The occurrence of timber in this region is restricted to certain localities of relatively limited extent. In the greater part of the plains area there is no timber at all, and the valleys of the Platte and upper Niobrara rivers and Lodgepole Creek do not contain trees. Along the northern escarpment of Pine Ridge, on the slopes of the White River and Hat Creek basins, there is a moderately wide zone of scattered pine forest. It extends from the crest of the ridge down nearly to the foot of the steeper slopes, and the aggregate amount of timber is fairly large. Along the ridge south of North Platte River there was formerly considerable pine, and many of the slopes north of Platte River and south of Pumpkinseed Valley maintained a scattered growth of pine. Some of the canyons in this region contain deciduous trees in small groves, and this is also the case in the many canyons in the northern slopes of Pine Ridge and at intervals along the banks of White River. The extent of the timber in this region is shown in Pl. XLIII. The principal tree is the Rocky Mountain pine (Pinus ponderosa). It attains a diameter of from 1 to 2 feet where the conditions are most favorable, but its growth is somewhat scattering, and deep inroads have been made on the supply by woodcutters. The young pines appear to be thrifty, as they spring up abundantly on most of the slopes, and are growing vigorously. Some features of the pine growth are shown in Pls. VIII and XXI.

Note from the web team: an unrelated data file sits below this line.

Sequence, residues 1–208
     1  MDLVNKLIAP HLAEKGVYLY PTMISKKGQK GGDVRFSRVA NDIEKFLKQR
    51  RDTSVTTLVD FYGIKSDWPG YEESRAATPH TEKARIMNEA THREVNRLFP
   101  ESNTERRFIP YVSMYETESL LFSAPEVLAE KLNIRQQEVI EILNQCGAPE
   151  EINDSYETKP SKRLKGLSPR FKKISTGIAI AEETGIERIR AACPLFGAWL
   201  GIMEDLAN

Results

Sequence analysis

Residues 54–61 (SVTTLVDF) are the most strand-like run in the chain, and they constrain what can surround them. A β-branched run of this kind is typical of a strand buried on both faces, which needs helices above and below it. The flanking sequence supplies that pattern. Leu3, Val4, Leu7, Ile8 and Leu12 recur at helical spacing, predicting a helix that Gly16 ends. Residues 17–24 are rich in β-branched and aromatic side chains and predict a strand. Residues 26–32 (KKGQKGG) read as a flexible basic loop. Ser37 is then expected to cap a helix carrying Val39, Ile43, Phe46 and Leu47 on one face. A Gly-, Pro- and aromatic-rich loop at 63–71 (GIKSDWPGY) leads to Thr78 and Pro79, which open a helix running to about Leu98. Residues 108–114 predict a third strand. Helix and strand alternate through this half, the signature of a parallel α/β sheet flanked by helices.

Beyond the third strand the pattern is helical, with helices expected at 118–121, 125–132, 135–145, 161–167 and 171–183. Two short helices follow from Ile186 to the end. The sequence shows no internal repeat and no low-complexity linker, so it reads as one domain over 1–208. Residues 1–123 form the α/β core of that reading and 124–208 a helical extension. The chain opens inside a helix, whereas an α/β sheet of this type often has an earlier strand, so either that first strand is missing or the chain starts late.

In the region adjoining North Platte River the growth of pines is rather scanty, and nearly all of the larger trees have been or are being cut. This is also the case along the edge of the table-land south of Pumpkinseed Creek.
The deciduous trees of the region comprise mainly cottonwood (Populus monilifera), with a moderate proportion of box elder (Negundium americanum), and a small variety of other similar trees.
Last Updated: 24-Aug-2009